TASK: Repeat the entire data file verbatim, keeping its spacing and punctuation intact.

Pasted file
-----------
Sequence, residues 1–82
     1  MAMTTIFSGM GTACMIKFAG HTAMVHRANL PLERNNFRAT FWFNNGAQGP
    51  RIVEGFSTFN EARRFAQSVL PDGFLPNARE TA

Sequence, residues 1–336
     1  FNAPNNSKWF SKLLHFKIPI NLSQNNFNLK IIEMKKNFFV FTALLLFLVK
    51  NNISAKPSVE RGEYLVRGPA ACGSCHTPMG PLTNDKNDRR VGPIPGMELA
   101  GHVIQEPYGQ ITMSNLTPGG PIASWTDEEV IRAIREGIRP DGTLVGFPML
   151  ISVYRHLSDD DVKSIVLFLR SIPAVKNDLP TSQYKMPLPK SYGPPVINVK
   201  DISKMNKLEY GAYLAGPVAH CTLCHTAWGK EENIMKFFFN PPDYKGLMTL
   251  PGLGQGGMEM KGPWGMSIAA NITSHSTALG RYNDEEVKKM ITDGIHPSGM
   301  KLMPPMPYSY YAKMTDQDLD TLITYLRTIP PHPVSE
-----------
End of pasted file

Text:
Sequence, residues 1–82
     1  MAMTTIFSGM GTACMIKFAG HTAMVHRANL PLERNNFRAT FWFNNGAQGP
    51  RIVEGFSTFN EARRFAQSVL PDGFLPNARE TA

Sequence, residues 1–336
     1  FNAPNNSKWF SKLLHFKIPI NLSQNNFNLK IIEMKKNFFV FTALLLFLVK
    51  NNISAKPSVE RGEYLVRGPA ACGSCHTPMG PLTNDKNDRR VGPIPGMELA
   101  GHVIQEPYGQ ITMSNLTPGG PIASWTDEEV IRAIREGIRP DGTLVGFPML
   151  ISVYRHLSDD DVKSIVLFLR SIPAVKNDLP TSQYKMPLPK SYGPPVINVK
   201  DISKMNKLEY GAYLAGPVAH CTLCHTAWGK EENIMKFFFN PPDYKGLMTL
   251  PGLGQGGMEM KGPWGMSIAA NITSHSTALG RYNDEEVKKM ITDGIHPSGM
   301  KLMPPMPYSY YAKMTDQDLD TLITYLRTIP PHPVSE